Glaucoma: Imaging Optic Nerve Damage

Glaucoma is a common disease, which usually occurs, in older age. Its incidence is 2-4% of the population older than 40, while in the 80+ year old population its incidence is greater than 6%. The optic nerve is damaged in glaucoma because of increased intra-ocular pressure, pressure that, over time, damages optic nerve fibers. Such damage to the nerve is irreversible. Glaucoma is the number two cause of blindness in Israel today. It is possible to treat glaucoma successfully, using medications in the form of eye drops, with laser surgery, and in very difficult cases, via surgery.

Most cases of blindness occur due to late diagnosis of the disease. In the majority of cases glaucoma occurs without signs of pain, and most patients do not sense a loss (narrowing) of their visual field. Therefore, unfortunately, a significant number of patients are diagnosed in the advanced stages of the disease, after many years of damage to the optic nerve due to untreated elevated intra-ocular pressure. There is a famous story of a well-known baseball player in the US who suffered unknowingly from advanced glaucoma. He was only diagnosed once he had lost all vision in one eye, while in the second eye he had significant damage to the nerve. The exposure of his story led to increased public awareness of the need for every one over forty to have an eye exam, even if the person has no symptoms or complaints. Screening tests are particularly important if any close family member suffers from glaucoma.

Recently several imaging instruments have been developed which allow us to measure the thickness of the retinal nerve fiber layer, which is the innermost of the ten retinal layers. This layer is composed of axons from ganglion cells, the same axons that unite to form the optic nerve. Because the thickness of this layer ranges from 30-150 microns, depending on the specific location in the retina, and because the layer is completely lucid, the ability to precisely measure this layer is a breakthrough in the diagnosis and monitoring of glaucoma patients.

There are two methods to measure the severity of damage caused by glaucoma. Visual field examination gives an indication of functional damage, while the appearance of the optic nerve, and even more so, the retinal nerve fiber layer thickness, provide an indication of nerve tissue loss. While visual field is a subjective exam lasting 20-30 minutes, we can now image glaucomatous damage in an exam that lasts only a few minutes, does not require pupil dilation, and is completely objective.

At the Glaucoma Service, at Rambam’s Eye Department, chaired by Prof. Eytan Blumenthal, a new device has been incorporated, called a scanning laser polarimeter (GDx), which enables exact measurement of retinal fibers, aiding in the diagnosis of glaucoma. In addition, repeating measurements every few months to years enables us to monitor disease progression. This monitoring allows us to adjust treatment appropriately based on the severity of disease in each eye.

The instrument, called GDx (short for glaucoma diagnosis), scans the retina in approximately one second, creating a map detailing the retinal nerve fiber layer thickness of the central retina, in particular in the region surrounding the optic nerve. This imaging is based on a change in polarity of the light rays, polarity which changes as a function of retinal nerve fiber layer thickness in each and every spot on the retina. The machine provides, beyond actual thickness measurements, also a statistical analysis that indicates the level of damage in each area of the retina. This is the first GDx machine stationed in Israel, and it can enable improved diagnosis and monitoring of our glaucoma patients.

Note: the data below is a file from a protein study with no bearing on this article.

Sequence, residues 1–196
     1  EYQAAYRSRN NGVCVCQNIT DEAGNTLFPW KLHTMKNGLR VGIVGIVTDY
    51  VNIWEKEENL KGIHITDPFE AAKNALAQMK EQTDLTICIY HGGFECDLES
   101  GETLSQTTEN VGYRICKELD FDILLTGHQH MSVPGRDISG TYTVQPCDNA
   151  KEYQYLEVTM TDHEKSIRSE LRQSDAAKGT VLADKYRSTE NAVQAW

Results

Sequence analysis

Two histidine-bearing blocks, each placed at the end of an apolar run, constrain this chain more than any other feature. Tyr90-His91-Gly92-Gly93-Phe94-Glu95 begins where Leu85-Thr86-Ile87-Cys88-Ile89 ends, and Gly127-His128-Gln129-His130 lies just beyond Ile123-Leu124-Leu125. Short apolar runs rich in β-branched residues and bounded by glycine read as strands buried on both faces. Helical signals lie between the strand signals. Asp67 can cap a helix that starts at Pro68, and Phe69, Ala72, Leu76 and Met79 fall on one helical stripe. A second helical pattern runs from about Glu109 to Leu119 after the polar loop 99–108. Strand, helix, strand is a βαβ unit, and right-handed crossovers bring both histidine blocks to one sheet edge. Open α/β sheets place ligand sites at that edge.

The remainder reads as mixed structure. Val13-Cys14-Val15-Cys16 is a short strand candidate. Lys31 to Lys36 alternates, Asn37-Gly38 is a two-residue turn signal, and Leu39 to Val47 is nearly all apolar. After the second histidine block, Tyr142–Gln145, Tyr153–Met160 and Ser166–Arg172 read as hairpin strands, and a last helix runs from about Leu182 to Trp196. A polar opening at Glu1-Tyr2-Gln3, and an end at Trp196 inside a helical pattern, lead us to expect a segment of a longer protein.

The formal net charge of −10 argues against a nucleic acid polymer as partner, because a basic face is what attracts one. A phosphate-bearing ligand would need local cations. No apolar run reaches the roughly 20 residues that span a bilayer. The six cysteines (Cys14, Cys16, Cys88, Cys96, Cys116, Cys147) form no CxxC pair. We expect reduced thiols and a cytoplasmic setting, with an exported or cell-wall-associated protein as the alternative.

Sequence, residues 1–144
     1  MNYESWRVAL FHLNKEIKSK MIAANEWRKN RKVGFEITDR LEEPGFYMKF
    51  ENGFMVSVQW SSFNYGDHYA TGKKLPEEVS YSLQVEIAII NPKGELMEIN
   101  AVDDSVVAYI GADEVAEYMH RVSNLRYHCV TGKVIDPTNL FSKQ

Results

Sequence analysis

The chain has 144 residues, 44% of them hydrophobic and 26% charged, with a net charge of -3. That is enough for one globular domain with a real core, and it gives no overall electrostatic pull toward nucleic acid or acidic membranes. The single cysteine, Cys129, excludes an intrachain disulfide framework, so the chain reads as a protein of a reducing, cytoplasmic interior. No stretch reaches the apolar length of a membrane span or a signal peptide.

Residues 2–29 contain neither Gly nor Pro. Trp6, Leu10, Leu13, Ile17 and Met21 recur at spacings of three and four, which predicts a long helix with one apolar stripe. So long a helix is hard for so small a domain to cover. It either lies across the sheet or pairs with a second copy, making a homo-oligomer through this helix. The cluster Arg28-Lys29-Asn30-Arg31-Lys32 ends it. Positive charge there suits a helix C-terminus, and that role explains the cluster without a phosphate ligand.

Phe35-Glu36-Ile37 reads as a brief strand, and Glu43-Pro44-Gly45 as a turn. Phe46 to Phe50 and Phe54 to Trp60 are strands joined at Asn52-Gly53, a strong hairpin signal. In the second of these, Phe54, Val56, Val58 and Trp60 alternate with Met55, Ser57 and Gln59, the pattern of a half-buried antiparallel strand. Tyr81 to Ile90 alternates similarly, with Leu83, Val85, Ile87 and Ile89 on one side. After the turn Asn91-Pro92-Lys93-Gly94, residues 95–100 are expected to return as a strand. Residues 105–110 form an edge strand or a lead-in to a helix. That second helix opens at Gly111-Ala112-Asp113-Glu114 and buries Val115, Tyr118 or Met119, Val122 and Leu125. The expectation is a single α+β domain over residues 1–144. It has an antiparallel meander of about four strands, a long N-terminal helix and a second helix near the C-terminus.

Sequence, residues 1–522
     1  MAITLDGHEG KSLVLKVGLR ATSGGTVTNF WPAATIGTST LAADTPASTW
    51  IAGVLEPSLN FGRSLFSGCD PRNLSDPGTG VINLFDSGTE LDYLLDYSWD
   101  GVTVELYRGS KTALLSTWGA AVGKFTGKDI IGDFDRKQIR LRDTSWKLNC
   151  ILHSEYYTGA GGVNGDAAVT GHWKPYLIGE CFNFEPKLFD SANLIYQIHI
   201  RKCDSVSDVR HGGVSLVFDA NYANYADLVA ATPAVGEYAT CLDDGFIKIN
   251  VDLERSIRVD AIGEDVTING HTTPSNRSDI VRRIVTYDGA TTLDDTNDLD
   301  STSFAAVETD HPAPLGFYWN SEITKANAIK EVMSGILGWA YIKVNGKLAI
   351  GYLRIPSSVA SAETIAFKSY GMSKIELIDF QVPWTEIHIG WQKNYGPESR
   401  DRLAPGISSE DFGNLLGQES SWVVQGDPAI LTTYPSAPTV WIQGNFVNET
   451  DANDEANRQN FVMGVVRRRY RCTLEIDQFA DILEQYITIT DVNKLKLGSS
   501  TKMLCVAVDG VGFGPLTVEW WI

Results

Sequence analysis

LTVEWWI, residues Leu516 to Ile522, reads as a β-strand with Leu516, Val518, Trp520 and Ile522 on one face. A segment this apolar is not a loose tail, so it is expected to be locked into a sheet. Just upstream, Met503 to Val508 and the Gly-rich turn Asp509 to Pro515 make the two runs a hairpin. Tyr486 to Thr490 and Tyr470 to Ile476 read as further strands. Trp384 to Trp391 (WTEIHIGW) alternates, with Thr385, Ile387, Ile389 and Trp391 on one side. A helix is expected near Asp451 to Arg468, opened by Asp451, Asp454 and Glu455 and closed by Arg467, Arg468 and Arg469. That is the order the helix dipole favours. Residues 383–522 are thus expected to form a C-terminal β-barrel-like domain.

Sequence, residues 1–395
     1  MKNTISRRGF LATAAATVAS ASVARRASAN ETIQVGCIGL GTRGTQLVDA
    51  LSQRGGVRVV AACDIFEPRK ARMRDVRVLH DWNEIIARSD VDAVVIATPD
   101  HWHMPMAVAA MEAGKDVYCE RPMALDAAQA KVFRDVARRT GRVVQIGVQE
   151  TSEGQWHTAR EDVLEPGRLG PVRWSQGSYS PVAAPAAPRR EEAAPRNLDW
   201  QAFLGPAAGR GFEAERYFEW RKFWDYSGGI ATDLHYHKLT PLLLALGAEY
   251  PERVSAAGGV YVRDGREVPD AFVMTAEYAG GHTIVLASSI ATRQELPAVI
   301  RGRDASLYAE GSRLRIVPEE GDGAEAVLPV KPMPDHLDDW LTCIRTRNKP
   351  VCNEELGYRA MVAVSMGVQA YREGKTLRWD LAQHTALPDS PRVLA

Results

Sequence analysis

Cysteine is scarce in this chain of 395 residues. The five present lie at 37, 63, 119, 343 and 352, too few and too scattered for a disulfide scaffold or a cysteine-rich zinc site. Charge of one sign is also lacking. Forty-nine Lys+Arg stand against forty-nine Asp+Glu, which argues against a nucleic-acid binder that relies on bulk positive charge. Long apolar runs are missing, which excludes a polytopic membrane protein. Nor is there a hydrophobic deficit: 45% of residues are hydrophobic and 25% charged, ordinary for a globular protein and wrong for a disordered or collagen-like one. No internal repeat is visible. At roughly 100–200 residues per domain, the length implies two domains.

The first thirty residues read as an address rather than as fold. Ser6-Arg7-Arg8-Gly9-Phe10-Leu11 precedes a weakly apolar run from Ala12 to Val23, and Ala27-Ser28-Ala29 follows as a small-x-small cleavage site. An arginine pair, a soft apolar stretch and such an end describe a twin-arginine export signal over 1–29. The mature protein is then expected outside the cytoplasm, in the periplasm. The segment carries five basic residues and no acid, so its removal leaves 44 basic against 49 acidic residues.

GDx scans from an eye tested for glaucoma

In figure 1. we see a series of GDx mapping, which simulates progressive damage from normality (left) to complete blindness (right).

An example of GDx- scanning laser polarimetry testing

Figure 2. is an example of mapping a glaucomatous eye.
A: Visual field which appears damaged in the lower region (pay attention that visual fields are “inverted”, such that damage in the lower half corresponds to damage to the upper half of the retina).
B: Optic nerve appearance as seen using the GDx, pay attention to the large cupping due to severe glaucoma.
C: GDx map showing retinal nerve fiber layer thickness at each retinal location.
D:Statistical analysis indicates severity of damage at each and every point. Pay attention to the fact that damage is also seen in the lower part, which the visual field test did not succeed in indicating (upper half of visual field looks normal in picture A).
E: Statistical analysis of the damage compared to normal values.


  1. Blumenthal EZ and Weinreb RN. Assessment of the retinal nerve fiber layer. Surv Ophthalmol, 2001. 45: p. S305-12; discussion S332-4.
  2. Bowd C, Zangwill LM, Berry CC, Blumenthal EZ, Vasile C, Sanchez-Galeana C, Bosworth CF, Sample PA, Weinreb RN. Detecting early glaucoma by assessment of retinal nerve fiber layer thickness and visual function. Invest Ophthalmol Vis Sci, 2001. 42(9): p. 1993-2003.

Glaucoma & Cataract:



This website was written by Prof. Eytan Blumenthal, to better understand glaucoma & cataract. This information should not replace medical consultation.

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